The Garrel clan turn out in force for father Philippe’s domestic saga, set in a family of puppeteers
Dir. Philippe Garrel. France. 2023. 95 mins.
Veteran French director Philippe Garrel makes it a family affair in his latest feature The Plough, with his children Louis, Esther and Léna Garrel playing the scions of a puppeteering clan as they ponder whether to keep the flame alive. There’s plenty going on thematically here – questions of love and grief, memorialising and forgetting, holding on to tradition or moving on – and the story, not unadventurously, expands on a slightly broader scale than much of the director’s work. But you’d have to be a committed Garrelian, or a hardline upholder of the prerogatives of French auteurism, to really appreciate a glum piece which feels like a relic of a European cinema that is no longer really attuned to the times.
Feels like a relic of a European cinema that is no longer really attuned to the times.
That is possibly the point: if Garrel suggests that old-school puppeteering has had its day, of course one suspects he’s also talking about his own strain of cinema. Even so, this airless piece doesn’t quite pass muster as an elegy and, despite some strong acting and Renato Berta’s elegantly spare photography, The Plough seems unlikely to have much impact after its Berlin Competition debut.
In contrast to the deliberately minimal narrative style of recent, considerably more compelling Garrel films such as Lover For A Day and The Salt Of Tears, the director opts for a broader story and a more complex, fragmented handling of time here. The Plough begins with a young woman, Laura (Asma Messaoudene), helping out a troupe of hand-puppeteers, Le Grand Chariot (the English title The Plough translates their name, a reference to the constellation). Laura exchanges kisses with part-time puppeteer Pieter (Damien Mongin), but the narrative then switches to the family that runs the troupe – father Simon (Aurélien Recoing), his adult children Louis, Martha and Léna (Louis, Esther and Léna Garrel) and their grandmother Gabrielle (Francine Bergé), a dyed-in-the-wool left-wing bohemian.
The troupe, hard-pressed for funds, nevertheless maintains the traditions of old-school puppetry with somewhat creaky, strangely literary shows that are more about recherché wordplay than ’Punch-and-Judy’ knockabout – although they still seem to delight audiences of young children, presumably brought up on Molière and Marivaux from the cradle. But nothing stays the same forever, and when it’s time for the troupe to consider its future, the inheritors must decide whether or not to move with the times. Family troubles intensify as Gabrielle develops dementia – a slightly laborious twist, given that her reminiscences have established her as an personification of French cultural and political memory.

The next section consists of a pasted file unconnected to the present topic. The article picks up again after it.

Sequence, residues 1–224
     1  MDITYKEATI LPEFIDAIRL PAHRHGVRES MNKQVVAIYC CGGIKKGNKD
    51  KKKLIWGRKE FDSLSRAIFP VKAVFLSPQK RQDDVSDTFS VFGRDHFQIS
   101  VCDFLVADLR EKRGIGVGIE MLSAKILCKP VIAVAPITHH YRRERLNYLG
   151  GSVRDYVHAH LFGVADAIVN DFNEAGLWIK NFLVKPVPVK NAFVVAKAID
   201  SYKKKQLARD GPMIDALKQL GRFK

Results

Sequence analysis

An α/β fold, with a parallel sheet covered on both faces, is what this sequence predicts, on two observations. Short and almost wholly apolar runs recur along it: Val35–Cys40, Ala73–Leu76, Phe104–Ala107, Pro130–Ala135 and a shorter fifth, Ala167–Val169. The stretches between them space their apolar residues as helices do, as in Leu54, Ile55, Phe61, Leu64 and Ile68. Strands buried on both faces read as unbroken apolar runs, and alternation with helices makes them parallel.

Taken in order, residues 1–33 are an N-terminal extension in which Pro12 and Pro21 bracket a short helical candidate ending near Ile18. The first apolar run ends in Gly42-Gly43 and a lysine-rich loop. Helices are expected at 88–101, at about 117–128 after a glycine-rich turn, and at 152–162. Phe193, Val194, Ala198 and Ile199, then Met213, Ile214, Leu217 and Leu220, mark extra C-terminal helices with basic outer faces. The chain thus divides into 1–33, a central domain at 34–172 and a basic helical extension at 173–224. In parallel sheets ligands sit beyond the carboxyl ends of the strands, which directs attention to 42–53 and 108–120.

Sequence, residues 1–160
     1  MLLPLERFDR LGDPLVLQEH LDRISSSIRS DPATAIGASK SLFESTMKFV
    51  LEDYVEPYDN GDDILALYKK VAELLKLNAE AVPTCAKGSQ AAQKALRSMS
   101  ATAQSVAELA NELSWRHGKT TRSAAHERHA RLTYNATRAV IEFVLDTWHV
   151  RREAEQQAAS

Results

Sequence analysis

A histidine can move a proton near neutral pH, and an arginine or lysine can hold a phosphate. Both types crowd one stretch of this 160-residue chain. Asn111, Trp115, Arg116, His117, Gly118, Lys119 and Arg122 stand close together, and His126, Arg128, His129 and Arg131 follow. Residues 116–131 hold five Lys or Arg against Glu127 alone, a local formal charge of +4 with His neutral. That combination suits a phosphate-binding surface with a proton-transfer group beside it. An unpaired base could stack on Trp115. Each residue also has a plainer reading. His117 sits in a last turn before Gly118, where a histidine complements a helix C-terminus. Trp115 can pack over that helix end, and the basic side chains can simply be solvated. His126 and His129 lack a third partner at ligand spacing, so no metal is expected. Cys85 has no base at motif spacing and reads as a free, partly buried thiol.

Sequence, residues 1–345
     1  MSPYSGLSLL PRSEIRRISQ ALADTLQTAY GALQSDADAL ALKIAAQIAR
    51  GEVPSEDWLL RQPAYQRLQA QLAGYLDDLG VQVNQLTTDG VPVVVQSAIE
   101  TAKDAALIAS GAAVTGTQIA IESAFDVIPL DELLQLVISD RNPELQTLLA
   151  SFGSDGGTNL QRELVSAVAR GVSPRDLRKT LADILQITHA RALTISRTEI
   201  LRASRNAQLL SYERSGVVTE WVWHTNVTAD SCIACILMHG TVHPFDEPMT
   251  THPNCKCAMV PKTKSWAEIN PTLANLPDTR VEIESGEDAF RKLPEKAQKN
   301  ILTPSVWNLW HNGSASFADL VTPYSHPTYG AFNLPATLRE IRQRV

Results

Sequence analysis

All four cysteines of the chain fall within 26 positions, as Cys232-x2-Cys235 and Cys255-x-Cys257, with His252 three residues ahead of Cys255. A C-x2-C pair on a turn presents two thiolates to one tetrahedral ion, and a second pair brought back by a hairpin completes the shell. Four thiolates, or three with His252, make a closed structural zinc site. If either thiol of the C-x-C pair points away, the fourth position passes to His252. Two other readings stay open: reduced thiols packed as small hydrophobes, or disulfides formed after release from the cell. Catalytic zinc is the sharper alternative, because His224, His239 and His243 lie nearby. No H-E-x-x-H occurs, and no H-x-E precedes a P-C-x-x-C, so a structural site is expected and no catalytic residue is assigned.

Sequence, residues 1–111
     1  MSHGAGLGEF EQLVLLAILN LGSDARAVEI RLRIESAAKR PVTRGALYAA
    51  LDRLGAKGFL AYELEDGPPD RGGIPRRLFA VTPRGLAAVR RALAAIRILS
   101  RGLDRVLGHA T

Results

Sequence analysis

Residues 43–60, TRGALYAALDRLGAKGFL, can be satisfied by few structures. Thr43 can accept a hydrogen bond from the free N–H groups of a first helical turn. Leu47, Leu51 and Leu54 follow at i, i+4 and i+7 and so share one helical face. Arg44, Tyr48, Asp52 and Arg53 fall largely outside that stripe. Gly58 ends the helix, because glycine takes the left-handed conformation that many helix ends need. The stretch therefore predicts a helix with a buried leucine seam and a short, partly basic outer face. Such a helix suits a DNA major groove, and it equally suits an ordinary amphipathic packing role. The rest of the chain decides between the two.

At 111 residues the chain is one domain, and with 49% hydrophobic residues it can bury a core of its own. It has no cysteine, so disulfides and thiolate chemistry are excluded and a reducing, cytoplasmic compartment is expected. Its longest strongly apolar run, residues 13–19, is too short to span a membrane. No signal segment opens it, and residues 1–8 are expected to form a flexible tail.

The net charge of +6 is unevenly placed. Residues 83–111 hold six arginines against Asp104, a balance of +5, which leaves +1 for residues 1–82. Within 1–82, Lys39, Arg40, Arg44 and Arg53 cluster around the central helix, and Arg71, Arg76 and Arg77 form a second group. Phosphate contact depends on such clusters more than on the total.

Meanwhile, romantic intrigues are happening. Pieter, just as he and partner Hélène (Mathilde Weil) become parents, moves in with Laura, while Louis – in a flash of love at first sight – takes up with Hélène. This prompts Pieter, by now Louis’s best friend, to idly inquire, “How’s my son?” - one of the film’s few glimmers of dry humour.
The screenplay – Garrel’s collaborators here including the late Jean-Claude Carrière – not inelegantly weaves its complications and turnarounds, with some nicely disorienting jumps built into the plot, intermittently narrated off-screen by Laetitia Spigarelli. But the pacing is often leaden, despite some lively performances, not least from Recoing and from Bergé, whose screen career goes back to Jean Renoir’s Elena And The Men and Jacques Rivette’s The Nun, and who gives her role a charismatic, poignant energy.
Of the younger cast, Weil makes a strong impression, with the other female roles a little underdeveloped, while Louis Garrel gives the rather sullen performance he rather tends to bring to his father’s films (notably in 2011’s A Burning Hot Summer). As for Damien Mongin, he makes the most of an extremely difficult character to bring alive. It’s hard to believe that the blithely grinning, irresponsibly happy-go-lucky Pieter of the first part could then transform into an obsessive, tormented painter who embodies Romantic codes of creative agony to the point of living in what appears to be an actual garret – a set of clichés that the film is just possibly playing for irony although if so, it doesn’t remotely come off.
One saving grace is Renato Berta’s cleanly crafted widescreen colour photography (as opposed to Garrel’s more usual black and white), which features some striking, simple effects, notably a thunderstorm subtly presaged early on, and some glowing extreme close-ups of the young women. Otherwise, the film’s spare self-containment ends up being quite stifling, with its scant reference to a world outside its characters – except for Léna’s involvement with the Femen activist movement, which makes you wonder why she’s still caught up with the fusty old family business in the first place.
Production company: Rectangle Productions
International sales: Wild Bunch International, email@example.com
Producers: Edouard Weil, Laurine Pelassy
Screenplay: Philippe Garrel, Arlette Langmann, Jean-Claude Carrière, Caroline Deruas Peano
Cinematography: Renato Berta
Editing: Yann Dede
Production design: Manu du Chauvigny
Music: Jean-Louis Aubert
Main cast: Louis Garrel, Damien Mongin, Esther Garrel, Léna Garrel, Mathilde Weil), Asma Messaoudene, Francine Bergé